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Project Summary Sheet

U.S. Geological Survey, Greater Everglades Priority Ecosystems Science (PES) Initiative

Fiscal Year 2004 Study Summary Report

Study Title: Monitoring Sub-Aquatic Vegetation through Remote Sensing: A pilot study in Florida Bay
Study Start Date: 10/1/02 Study End Date: 9/30/04
Web Sites: http://sofia.usgs.gov/flaecohist/
Location (Subregions, Counties, Park or Refuge): Florida Bay, Everglades National Park, Monroe County
Funding Source: USGS Greater Everglades Priority Ecosystems Science (PES) Initiative
Principal Investigator(s): G. Lynn Wingard
Study Personnel: For Task 3: Chuck Holmes, Marci Marot, James Murray.
Supporting Organizations: South Florida Water Management District; Everglades National Park
Associated / Linked Studies: Historical Changes in Salinity, Water Quality and Vegetation in Biscayne Bay; Ecosystem History of the Southwest Coast-Shark River Slough Outflow Area; Paleosalinity as a Key for Success Criteria in South Florida Restoration

Overview & Objective(s): Seagrass beds are essential components of any marine ecosystem because they provide feeding grounds, nurseries, and habitats for many forms of marine life, including commercially valuable species; they are important foraging grounds for migratory birds; and they anchor sediments and impede resuspension and coastal erosion during storms. This valuable natural resource has been suffering die-offs around the world in recent years, yet the causes of these die-offs are undetermined. The objectives of this pilot study were to develop a methodology for monitoring spatial and temporal changes in sub-aquatic vegetation using remote sensing, satellite imagery, and aerial photography, and to analyze potential causes of seagrass die-off using geographic, geologic and biologic tools. Florida Bay was selected for the pilot study because the thorough documentation of the 1987-1988 die-off event provided a baseline for examining data preceding and succeeding the event. In addition, a small well-studied die-off occurred in 1999-2000 at Barnes Key in Florida Bay. The plan for the remote sensing component (never funded) was to select a 10-15 km2 portion of Florida Bay that encompassed areas affected by the 1987 and 1999 die-offs to analyze. The objective was to integrate geologic, biologic and remotely sensed data to determine the patterns of change and sequences of events that occur in healthy seagrass beds and in beds undergoing a die-off.

Status: Task 3: Analyses of core from Rankin Basin die-off area were completed in FY03. Processing of Barnes core was completed and picking of molluscan fauna began, but study personnel were diverted to higher priority PES studies. Tasks 1 and 2: No real progress has been achieved because these tasks were not funded.

Recent Products: Abstract and poster for GEER/Florida Bay Science Conference 2003.

Planned Products: Fact sheet on modern experiments (early FY04), potential OFR and/or journal article if time and priorities allow.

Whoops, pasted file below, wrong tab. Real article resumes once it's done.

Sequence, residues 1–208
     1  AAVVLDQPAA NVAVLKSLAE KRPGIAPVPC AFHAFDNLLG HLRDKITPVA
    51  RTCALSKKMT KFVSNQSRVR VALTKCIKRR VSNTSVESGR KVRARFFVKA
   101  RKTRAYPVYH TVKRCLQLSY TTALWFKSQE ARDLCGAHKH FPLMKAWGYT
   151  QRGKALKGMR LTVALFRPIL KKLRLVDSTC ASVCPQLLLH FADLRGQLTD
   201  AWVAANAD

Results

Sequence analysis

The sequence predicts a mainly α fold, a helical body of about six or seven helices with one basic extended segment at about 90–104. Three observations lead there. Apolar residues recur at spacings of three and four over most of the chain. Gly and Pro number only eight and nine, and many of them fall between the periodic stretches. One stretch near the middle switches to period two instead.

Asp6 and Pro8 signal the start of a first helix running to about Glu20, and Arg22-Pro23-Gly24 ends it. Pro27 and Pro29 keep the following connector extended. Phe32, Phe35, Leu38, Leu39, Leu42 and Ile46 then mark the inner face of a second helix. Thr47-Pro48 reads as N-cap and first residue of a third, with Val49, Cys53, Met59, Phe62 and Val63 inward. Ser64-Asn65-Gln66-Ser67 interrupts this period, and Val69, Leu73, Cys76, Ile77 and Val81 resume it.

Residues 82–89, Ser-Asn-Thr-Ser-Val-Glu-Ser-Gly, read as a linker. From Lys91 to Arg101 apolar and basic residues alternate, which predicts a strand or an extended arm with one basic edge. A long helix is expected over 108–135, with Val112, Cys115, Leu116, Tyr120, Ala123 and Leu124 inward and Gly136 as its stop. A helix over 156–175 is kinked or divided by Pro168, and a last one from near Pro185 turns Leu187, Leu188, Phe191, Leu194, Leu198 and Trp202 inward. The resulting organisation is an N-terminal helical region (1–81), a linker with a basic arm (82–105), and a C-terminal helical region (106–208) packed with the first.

Specific Relevance to Information Needs Identified in DOI's Science Plan in Support of Ecosystem Restoration, Preservation, and Protection in South Florida (DOI's Everglades Science Plan) [See Plan on SOFIA's Web site: http://sofia.usgs.gov/publications/reports/doi-science-plan/]:

Seagrass die-off is not a specific unanswered question in the DOI Science Plan; however, it is an issue of concern to the Florida Bay and Florida Keys Feasibility Study (DOI Science Plan, p. 76), the Southwest Florida Feasibility Study (p. 52), and the Biscayne Bay Coastal Wetlands Study (p. 72). Seagrass is a critical habitat to the estuarine systems, thus understanding the ecology of seagrasses is essential to restoration of the habitat. The large scale die-off of seagrass in Florida Bay in 1987-88 was one of the primary factors stimulating a move towards restoration of more natural freshwater flows into Florida Bay. This study contributes to the Landscape Modeling project by providing historical ecological data on trends and cycles within the seagrass habitats that can be forecasted to predict the effects of implementation of hydrologic restoration on seagrass communities and the fauna they support. This addresses questions of the impact of increased flow (p. 63), and expected faunal and floral responses (p. 64, p. 79, p. 80).

Key Findings: Several significant findings have emerged from the preliminary analyses of the Rankin Basin core:

  1. Prior to the seagrass die-off, the mollusks and ostracodes indicate an increase in the amplitude of salinity fluctuations; these data illustrate that increased salinity variation may have been a factor in the die-off.
  2. Molluscan epiphytes and Loxoconcha appear to have gone through several cycles of build-up and decline at the Rankin site, indicating perhaps die-offs occurred at the site in the past. However, the degree of build-up and decline in the Thalassia indicators is unprecedented below 50 cm illustrating that this was an exceptional event.
  3. Something significant happened in the environment at Rankin Basin at around 50 cm in the core, because virtually all parameters measured show significant changes between 50 and 30 cm. Once an age model for the core is worked up, we can examine possible cause and effect questions. Did the die-off event trigger the changes seen in the core, or did other environmental variables change significantly, thus triggering the die-off?

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Last updated: 04 September, 2013 @ 02:08 PM(TJE)